The Wellcome Collection is, they seek to claim, a destination for the incurably curious. And a mere 900 days after drawing up my list of 100 Things to do in London within a year, latent curiosity struck. It was certainly nothing to do with an unsuccessful mission to find a case for my new phone on Edgware Road, ending up sulky, and deciding to pop in when I walked past it on my way home.
The Wellcome Collection is based on two floors; the permanent articles reside upstairs meanwhile, on the ground floor, a temporary exhibition is concubine to the cafe, gift shop, and branch of Blackwell’s bookshop. My companion for the afternoon, @njb, is a frequent visitor to the Wellcome Collection. Although conceding it is expensive, he made the point that the cafe ‘absolutely smashes it’ and the bookshop has ‘excellent books about London’. After a perusal of the cafe price list, the universally sated faces, and the shelves of Blackwell’s, I’m inclined to agree.
Until the 24th February, the temporary exhibition is the somewhat morbid ‘Death: A self-portrait’. Assembled by Richard Harris, a Chicago-based curator of the macabre, the exhibition explores attitudes to death. Skulls, masks, paintings. An interactive computer system for people to leave their thoughts and memories about death. Not really somewhere to lurk with the new year blues, even if you end up accidentally reading about someone’s late mother’s shopping list. It was written a day before she’d died, apparently, and left in the usual place on the mantelpiece.
For me, the most striking article in the Deadibition was a wall-sized hub-and-spoke diagram (with proportional hubs) showing causes of death in the last century. Snakes won it, by a long way, for the animal kingdom. Claire is evidently right to be wary of them. And, although war and famine made noble efforts, cardiovascular diseases and infectious diseases completely smashed it out of the park. Nothing else came close to those two titans of termination.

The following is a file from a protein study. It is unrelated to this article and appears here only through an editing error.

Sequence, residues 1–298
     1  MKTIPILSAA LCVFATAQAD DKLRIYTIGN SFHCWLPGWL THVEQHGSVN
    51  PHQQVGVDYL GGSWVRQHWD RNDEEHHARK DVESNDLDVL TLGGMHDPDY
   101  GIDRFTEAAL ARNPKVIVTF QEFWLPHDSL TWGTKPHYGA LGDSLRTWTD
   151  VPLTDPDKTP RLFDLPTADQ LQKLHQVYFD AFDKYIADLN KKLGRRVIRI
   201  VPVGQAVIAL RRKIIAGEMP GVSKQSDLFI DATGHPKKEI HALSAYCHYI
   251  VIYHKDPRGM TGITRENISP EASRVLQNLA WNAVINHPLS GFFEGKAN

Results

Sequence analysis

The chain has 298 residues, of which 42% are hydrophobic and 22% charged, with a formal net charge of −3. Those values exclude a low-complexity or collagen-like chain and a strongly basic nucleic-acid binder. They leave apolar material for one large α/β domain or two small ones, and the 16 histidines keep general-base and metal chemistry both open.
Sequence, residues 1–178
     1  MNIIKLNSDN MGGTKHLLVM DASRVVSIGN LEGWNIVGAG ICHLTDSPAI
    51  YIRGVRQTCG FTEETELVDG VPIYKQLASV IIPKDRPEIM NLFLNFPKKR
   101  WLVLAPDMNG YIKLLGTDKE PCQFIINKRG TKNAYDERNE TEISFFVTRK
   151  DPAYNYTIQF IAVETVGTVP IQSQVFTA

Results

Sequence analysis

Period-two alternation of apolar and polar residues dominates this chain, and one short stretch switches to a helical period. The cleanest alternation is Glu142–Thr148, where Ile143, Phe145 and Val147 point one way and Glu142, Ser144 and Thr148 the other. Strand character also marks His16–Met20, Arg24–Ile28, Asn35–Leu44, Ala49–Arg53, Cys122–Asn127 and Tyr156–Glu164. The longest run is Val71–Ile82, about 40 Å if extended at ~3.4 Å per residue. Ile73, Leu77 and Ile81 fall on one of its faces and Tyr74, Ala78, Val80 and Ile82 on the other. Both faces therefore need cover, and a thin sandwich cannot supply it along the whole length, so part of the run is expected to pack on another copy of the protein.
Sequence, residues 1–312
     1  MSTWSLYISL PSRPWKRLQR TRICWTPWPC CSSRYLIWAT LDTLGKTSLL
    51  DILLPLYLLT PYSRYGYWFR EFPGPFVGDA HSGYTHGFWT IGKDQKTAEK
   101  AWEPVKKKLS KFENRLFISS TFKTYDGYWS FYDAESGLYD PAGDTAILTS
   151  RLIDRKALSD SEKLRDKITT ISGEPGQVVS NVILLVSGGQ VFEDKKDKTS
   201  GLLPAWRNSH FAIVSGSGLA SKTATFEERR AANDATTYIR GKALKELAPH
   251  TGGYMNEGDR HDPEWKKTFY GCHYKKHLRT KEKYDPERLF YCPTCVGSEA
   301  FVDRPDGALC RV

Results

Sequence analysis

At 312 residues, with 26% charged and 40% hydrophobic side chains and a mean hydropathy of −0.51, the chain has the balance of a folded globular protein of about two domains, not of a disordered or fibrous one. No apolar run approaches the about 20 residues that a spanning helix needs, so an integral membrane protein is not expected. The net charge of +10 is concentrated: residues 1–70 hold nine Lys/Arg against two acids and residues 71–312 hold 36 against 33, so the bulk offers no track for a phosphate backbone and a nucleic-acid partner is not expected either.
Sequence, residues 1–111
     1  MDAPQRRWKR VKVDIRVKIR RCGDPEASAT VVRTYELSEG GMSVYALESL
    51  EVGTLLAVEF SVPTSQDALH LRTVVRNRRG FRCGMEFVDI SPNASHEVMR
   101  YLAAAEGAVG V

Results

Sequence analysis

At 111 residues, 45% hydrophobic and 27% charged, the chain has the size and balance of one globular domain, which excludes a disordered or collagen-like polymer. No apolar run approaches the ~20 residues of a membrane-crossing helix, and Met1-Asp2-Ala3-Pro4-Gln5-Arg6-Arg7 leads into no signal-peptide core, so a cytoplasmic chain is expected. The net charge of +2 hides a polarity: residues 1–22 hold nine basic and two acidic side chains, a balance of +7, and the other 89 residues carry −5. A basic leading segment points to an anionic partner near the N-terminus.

Upstairs, the permanent exhibition contains all manner of 19th and 20th century medical devices. Amongst hundreds of other bits, you’ll see a Victorian dentist’s chair, an opium pipe (for purely medicinal purposes, you understand), and a selection of surgeons’ weapons. ’Tools’ doesn’t do their majesty and stature justice. You might also see a heavily tattooed and pierced Dutchman taking photographs. Around the corner, there’s a behemoth of a machine that was used to do some DNA stuff at the Wolfson Institute for Biomedical Research. It runs Windows 95:
Entry is free. A good way to spend a couple of hours, particularly if you can get on one of the free guided tours. @njb highly recommends the one on dentistry. Being somewhat odontophobic, I don’t.
(The new phone is an LG Nexus 4, since you ask. Hat-tip to Martin for recommending the excellent Yoshie & Nico. They supplied a good quality case and screen protectors, in a timely manner, for a most reasonable price.)